Giles of Rome on Sense Perception

Quaestio 20:89-104 (2021)
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Giles of Rome maintains that the senses are passive powers and more specifically receptive powers, that is, powers to receive something from sensible objects. The items that the senses receive from sensible objects are intentional species of the corresponding sensible forms. This paper deals with Giles’s account of the cognitive role of intentional species in sense perception. The central question is how the intentional species of red received in the eyes is related to the act of seeing a red apple. Is such a species the act itself of seeing a red apple or rather something distinct from the act and causally related to it? And in the latter case, what kind of causality is involved? We shall see that Giles changed his mind on this subject, so that we have an early view and a mature view. His early view is that the intentional species is distinct from the corresponding sensory act and a cause of it, more precisely a formal cause. His mature view is that in the case of the external senses the intentional species is the same as the sensory act itself, whereas in the case of the internal senses two kinds of intentional species are involved, that is, that which is the same as the sensory act and another one that acts as a proxy for the sensible object.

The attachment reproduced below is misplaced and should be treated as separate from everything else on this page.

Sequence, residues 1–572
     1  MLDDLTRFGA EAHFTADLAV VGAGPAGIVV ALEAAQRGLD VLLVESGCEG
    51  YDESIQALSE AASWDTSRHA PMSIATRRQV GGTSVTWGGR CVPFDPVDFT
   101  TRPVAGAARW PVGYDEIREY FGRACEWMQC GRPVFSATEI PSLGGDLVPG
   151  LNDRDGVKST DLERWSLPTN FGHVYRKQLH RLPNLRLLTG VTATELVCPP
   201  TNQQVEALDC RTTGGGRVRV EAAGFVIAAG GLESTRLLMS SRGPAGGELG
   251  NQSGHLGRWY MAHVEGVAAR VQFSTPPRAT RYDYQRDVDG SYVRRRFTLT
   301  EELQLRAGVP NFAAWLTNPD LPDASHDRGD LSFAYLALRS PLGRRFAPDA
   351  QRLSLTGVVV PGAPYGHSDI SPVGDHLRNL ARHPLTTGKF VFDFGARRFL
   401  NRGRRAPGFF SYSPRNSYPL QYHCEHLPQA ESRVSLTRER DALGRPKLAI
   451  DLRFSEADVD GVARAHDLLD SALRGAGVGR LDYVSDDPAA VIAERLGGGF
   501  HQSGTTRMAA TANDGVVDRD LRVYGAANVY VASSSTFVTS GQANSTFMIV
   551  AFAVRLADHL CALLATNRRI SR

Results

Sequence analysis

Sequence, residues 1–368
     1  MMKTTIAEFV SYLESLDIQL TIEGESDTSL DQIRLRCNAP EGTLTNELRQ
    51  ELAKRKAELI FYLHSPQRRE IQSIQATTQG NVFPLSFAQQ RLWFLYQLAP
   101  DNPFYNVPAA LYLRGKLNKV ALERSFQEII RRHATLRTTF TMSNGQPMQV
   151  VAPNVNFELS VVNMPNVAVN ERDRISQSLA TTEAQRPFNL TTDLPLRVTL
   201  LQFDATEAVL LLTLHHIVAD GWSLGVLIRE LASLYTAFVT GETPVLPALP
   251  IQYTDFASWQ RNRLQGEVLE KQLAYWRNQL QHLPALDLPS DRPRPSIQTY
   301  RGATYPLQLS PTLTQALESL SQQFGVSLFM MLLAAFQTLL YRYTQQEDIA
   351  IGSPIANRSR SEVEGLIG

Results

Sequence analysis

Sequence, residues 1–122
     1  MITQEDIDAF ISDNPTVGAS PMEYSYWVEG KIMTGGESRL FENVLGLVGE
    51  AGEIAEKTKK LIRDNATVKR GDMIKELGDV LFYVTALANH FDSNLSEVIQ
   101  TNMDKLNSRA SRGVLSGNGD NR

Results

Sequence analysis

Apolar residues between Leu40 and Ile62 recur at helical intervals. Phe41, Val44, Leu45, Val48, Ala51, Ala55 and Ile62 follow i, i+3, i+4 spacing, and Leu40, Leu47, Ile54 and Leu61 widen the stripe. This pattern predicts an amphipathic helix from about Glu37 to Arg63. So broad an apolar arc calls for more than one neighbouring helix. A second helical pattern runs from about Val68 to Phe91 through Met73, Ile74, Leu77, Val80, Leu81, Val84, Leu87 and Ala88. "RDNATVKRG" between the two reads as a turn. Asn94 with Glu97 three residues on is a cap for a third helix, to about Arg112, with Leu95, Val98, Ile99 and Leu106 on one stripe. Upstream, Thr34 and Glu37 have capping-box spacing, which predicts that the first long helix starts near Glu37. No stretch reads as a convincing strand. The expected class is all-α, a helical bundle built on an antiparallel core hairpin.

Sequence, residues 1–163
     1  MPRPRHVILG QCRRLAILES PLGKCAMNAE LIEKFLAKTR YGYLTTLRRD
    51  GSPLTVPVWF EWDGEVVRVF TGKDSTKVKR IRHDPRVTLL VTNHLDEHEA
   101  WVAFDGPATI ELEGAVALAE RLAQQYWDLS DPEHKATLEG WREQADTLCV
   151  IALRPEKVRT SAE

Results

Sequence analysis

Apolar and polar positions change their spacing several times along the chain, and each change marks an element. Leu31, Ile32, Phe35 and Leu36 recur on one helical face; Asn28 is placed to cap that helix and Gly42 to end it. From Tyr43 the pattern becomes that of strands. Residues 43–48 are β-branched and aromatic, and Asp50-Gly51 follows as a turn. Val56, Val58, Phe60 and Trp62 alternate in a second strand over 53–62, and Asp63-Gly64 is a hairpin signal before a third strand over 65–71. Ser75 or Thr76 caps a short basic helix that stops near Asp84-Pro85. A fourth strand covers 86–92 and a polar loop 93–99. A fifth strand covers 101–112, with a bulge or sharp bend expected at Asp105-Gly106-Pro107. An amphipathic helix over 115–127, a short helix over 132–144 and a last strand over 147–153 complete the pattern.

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Cecilia Trifogli
Oxford University

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